Safety culture

This indicator uses data from the NHS Staff Survey to look at safety culture in the NHS.

Indicator

Last updated: 30/11/2018

Safety
Hospital care Emergency care Mental health Learning disability Public health Social care

A good safety culture in healthcare is one where staff have positive perceptions of psychological safety (an environment where no one is hesitant to voice a concern and will be treated with respect when they do), teamwork and leadership, and feel comfortable discussing errors (Health Foundation, 2013). Caregivers are accountable for being capable, conscientious and not engaging in unsafe behaviour, but should not be held accountable for system failures. Leaders should hear patients and caregivers' concerns regarding defects which interfere with the delivery of safe care, and promote improvements in safety.


What proportion of staff report that their organisation takes action to ensure that errors, near misses or incidents do not happen again? 30/11/2018

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When errors, near misses or incidents are reported, it is the responsibility of the organisation to take action to ensure that they do not happen again. Between 2015 and 2017, the proportion of NHS Staff Survey respondents who agreed/strongly agreed that their organisation takes action increased slightly from 67% to 69% (data not shown).

This indicator shows that NHS staff working in Acute Specialist Trusts report that their organisation takes the most action to ensure that errors, near misses or incidents do not happen again; in 2017, 74% of respondents from Acute Specialist Trusts said that their organisation takes action. In contrast, Ambulance Trust staff report that their organisation takes the least action; in 2017, only 52% of respondents said that their organisation takes action and 16% reported that they do not take action.


What proportion of staff would feel secure raising concerns about unsafe clinical practice? 30/11/2018

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NHS Staff Survey respondents are asked if they would feel secure raising concerns about unsafe clinical practice. Overall, the proportion of staff agreeing/strongly agreeing that they would feel secure raising concerns increased from 68% in 2014 to 70% in 2017 (data not shown).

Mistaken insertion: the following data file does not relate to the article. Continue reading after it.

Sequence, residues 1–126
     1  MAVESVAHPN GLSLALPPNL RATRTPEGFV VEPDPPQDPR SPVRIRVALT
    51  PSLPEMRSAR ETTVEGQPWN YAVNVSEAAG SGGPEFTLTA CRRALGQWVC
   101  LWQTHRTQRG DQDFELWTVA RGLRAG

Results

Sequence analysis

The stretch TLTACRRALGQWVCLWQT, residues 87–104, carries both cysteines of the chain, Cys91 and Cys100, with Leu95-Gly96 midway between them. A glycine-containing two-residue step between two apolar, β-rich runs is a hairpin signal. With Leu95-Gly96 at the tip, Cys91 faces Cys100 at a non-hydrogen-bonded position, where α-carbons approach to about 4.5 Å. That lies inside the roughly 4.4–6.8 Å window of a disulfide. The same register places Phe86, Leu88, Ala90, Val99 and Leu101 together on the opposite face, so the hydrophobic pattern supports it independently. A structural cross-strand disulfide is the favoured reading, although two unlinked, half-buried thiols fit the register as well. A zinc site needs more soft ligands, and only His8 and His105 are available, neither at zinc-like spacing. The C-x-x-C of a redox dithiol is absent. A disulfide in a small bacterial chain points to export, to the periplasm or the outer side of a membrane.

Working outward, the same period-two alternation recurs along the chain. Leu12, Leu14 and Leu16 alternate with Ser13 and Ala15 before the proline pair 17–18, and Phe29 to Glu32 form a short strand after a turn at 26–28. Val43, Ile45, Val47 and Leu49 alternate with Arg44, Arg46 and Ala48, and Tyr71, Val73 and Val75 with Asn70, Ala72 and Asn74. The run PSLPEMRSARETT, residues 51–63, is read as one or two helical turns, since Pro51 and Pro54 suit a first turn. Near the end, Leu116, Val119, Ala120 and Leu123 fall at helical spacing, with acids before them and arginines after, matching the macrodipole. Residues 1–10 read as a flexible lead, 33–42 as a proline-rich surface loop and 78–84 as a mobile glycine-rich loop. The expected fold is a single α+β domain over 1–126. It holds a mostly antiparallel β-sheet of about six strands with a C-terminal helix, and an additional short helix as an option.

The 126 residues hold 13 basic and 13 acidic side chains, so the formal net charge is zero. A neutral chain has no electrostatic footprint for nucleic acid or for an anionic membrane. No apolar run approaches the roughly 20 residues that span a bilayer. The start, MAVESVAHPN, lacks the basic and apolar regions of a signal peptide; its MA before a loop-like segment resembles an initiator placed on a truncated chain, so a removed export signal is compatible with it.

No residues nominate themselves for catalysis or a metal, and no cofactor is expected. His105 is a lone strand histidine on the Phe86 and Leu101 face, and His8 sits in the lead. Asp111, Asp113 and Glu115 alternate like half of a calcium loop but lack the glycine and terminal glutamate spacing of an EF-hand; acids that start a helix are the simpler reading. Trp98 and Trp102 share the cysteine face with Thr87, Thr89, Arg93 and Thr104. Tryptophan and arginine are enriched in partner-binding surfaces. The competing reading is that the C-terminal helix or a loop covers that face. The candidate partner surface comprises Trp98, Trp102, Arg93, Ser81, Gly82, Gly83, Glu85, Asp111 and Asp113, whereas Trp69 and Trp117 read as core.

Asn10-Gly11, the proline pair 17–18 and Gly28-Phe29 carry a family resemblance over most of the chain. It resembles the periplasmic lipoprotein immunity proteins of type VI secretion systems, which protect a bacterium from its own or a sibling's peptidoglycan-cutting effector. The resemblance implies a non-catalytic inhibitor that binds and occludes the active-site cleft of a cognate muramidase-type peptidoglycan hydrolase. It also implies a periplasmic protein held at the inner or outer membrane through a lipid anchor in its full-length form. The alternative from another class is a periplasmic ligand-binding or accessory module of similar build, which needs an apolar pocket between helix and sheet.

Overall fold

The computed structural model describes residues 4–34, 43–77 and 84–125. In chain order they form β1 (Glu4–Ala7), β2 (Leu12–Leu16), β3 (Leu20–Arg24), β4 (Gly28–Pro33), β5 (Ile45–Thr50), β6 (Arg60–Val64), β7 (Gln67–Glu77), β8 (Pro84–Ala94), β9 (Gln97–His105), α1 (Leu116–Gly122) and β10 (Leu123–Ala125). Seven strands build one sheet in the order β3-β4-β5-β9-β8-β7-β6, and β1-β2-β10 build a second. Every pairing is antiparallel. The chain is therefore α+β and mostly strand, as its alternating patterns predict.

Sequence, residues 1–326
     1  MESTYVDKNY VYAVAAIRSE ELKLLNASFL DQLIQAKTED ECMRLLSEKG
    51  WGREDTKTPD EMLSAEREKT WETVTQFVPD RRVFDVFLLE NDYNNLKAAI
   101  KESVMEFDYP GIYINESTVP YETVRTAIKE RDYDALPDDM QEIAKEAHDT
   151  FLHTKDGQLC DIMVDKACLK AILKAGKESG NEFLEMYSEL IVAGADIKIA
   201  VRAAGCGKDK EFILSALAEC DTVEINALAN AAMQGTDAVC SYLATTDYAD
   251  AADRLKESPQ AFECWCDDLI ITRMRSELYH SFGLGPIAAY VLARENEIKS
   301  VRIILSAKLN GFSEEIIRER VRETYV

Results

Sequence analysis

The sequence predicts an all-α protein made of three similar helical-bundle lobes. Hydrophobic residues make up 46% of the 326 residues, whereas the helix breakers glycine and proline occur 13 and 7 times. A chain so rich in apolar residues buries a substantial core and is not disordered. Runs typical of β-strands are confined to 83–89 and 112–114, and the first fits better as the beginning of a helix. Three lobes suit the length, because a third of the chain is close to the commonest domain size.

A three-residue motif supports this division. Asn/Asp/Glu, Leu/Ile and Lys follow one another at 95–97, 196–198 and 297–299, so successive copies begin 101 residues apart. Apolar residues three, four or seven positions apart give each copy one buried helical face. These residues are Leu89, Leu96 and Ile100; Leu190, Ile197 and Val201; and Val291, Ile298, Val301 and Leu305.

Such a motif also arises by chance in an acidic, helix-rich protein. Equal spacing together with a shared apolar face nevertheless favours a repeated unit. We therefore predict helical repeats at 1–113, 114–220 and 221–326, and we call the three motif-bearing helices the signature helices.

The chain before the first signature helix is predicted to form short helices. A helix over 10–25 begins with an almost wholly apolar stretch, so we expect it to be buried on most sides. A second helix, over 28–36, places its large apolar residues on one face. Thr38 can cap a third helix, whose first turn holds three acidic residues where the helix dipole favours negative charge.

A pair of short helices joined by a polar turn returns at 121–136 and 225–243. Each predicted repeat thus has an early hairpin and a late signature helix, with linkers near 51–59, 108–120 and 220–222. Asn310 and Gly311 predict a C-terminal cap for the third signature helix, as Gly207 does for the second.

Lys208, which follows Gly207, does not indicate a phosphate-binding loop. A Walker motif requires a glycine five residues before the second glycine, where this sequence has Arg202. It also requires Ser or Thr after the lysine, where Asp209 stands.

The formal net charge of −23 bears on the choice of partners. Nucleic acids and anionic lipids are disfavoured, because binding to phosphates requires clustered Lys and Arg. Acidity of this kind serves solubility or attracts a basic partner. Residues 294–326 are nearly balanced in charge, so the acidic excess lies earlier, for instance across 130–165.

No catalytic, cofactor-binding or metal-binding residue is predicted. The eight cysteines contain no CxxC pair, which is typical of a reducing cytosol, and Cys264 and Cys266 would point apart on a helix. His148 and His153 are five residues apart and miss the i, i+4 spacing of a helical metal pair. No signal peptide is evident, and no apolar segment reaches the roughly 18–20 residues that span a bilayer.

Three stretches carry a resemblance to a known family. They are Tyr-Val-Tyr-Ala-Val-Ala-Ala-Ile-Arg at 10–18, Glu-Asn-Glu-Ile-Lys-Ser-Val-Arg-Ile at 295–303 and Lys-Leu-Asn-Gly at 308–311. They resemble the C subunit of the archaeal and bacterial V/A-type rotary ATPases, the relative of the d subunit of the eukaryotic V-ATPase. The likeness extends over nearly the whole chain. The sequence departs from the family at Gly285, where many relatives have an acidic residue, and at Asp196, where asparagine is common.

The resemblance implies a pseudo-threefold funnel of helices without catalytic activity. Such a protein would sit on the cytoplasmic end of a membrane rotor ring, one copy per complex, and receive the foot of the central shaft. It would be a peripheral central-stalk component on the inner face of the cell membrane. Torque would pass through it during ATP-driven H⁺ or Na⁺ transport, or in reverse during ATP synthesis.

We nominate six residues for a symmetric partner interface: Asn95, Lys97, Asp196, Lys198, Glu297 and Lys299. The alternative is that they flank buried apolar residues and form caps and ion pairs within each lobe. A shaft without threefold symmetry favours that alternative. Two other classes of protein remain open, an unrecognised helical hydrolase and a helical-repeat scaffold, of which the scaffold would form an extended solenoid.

Results from the most recent survey show that 75% of staff from Community Trusts would feel secure raising concerns about unsafe clinical practice, but 8% would not. This compares to 62% of Ambulance Trust staff who would feel secure, but 15% of them would not feel secure.


How does feeling secure raising concerns about unsafe clinical practice compare across different staff groups? 30/11/2018

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According to the 2017 NHS Staff Survey, 32% of general managers 'strongly agree' that they would feel secure raising concerns about unsafe clinical practice. This compares to 28% of medical/dental consultants, 22% of social workers, 18% of ambulance staff, and only 12% of medical/dental trainees.


About this data

This indicator used data from the NHS Staff Survey. The scores were calculated as the percentage of respondents who gave a specific answer to a question, or a defined set of responses to a series of questions. The responses for each respondent were summarised for each organisation using a weighting procedure. In order to make NHS organisations’ scores comparable, individual’s scores were weighted so that the occupational group profile of the organisation reflected that of a typical organisation of its type. For comparisons between 2015/2016 and 2017 scores, the data from previous years were re-weighted according to the 2017 weights.

For more information, please see the 2017 NHS Staff Survey Supporting Documents and Making sense of your Staff Survey data document.

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